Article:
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Fig. 4 | Acta Neuropathologica Communications

Fig. 4

From: The physiology of foamy phagocytes in multiple sclerosis

Fig. 4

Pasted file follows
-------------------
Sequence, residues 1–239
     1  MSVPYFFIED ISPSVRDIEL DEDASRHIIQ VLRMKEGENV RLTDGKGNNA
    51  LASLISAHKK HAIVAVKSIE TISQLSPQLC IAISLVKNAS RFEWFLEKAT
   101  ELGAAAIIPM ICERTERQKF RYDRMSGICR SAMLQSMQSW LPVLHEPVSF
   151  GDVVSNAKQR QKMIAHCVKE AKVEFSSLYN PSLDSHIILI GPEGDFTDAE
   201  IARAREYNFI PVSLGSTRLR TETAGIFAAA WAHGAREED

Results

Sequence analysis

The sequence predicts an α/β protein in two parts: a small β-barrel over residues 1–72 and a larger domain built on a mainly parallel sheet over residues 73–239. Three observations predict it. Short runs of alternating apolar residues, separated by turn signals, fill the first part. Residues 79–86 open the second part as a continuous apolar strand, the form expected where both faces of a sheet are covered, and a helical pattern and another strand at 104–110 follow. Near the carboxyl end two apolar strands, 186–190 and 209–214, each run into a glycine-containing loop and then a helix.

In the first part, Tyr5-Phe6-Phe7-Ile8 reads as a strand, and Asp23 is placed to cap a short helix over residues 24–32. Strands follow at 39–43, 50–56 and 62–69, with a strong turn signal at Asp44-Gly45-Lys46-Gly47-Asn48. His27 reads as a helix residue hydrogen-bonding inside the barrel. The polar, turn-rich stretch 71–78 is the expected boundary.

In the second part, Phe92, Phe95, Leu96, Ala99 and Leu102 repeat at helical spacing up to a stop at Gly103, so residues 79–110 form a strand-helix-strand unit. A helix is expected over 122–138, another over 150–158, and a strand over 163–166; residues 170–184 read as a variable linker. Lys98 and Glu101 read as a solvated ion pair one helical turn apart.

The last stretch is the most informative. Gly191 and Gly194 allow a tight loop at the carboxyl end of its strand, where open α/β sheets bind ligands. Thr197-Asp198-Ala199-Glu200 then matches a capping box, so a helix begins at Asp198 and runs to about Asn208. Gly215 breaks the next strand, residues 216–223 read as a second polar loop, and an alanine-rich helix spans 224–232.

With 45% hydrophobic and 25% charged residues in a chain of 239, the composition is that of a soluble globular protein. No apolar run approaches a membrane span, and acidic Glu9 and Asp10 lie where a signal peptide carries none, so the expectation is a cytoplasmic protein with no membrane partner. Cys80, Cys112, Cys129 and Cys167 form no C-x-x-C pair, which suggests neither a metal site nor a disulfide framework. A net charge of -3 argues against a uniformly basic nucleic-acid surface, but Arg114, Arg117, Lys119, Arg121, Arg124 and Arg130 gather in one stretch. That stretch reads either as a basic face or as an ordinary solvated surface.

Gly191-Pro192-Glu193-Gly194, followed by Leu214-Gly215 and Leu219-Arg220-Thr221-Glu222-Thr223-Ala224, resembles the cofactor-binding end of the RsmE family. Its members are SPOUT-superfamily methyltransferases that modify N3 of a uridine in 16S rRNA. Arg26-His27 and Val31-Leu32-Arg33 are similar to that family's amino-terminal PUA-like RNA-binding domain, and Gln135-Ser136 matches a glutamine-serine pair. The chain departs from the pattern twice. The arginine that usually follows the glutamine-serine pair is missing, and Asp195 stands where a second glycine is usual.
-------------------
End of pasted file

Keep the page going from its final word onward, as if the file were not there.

Homeostatic and dysfunctional processing of cholesterol-containing lipid particles. During homeostasis, phagocytes are well equipped to cope with relatively minor increases of cholesterol. However, sustained intracellular accumulation of cholesterol, as observed in in many peripheral pathologies and following infections with persistent pathogens, can lead to disturbances in pathways that mediate the degradation, storage, or efflux of cholesterol. First, faulty feedback regulation of phagocytic receptors may result in an uncontrolled uptake of cholesterol-containing lipid particles. Second, lysosomal cholesterol accumulation can result in lysosomal dysfunction by reducing lysosomal acidification and causing lysosomal leakiness. In addition, sustained accumulation of cholesterol can lead to the formation of cholesterol crystals that activate the caspase-1-activating NLRP3 inflammasome. Third, persistent cholesterol trafficking to ER membranes can trigger ER stress and the unfolded protein response (UPR). Fourth, dysfunctional lipophagy machinery can hamper the capacity of foamy phagocytes to process cholesterol within lipid droplets, thereby impeding the cells’ capacity to dispose of intracellular cholesterol. Finally, quantitative and qualitative changes in lipoproteins can impact the capacity of foamy phagocytes to efflux cholesterol. Altogether, disturbances in the abovementioned pathways are well-known to promote the induction of a disease-promoting phenotype of foamy phagocytes and eventually even cause apoptosis. While ample evidence suggests that faulty regulation of these pathways also occurs in myelin-containing phagocytes, more research is warranted to define to what extent they impact their inflammatory features

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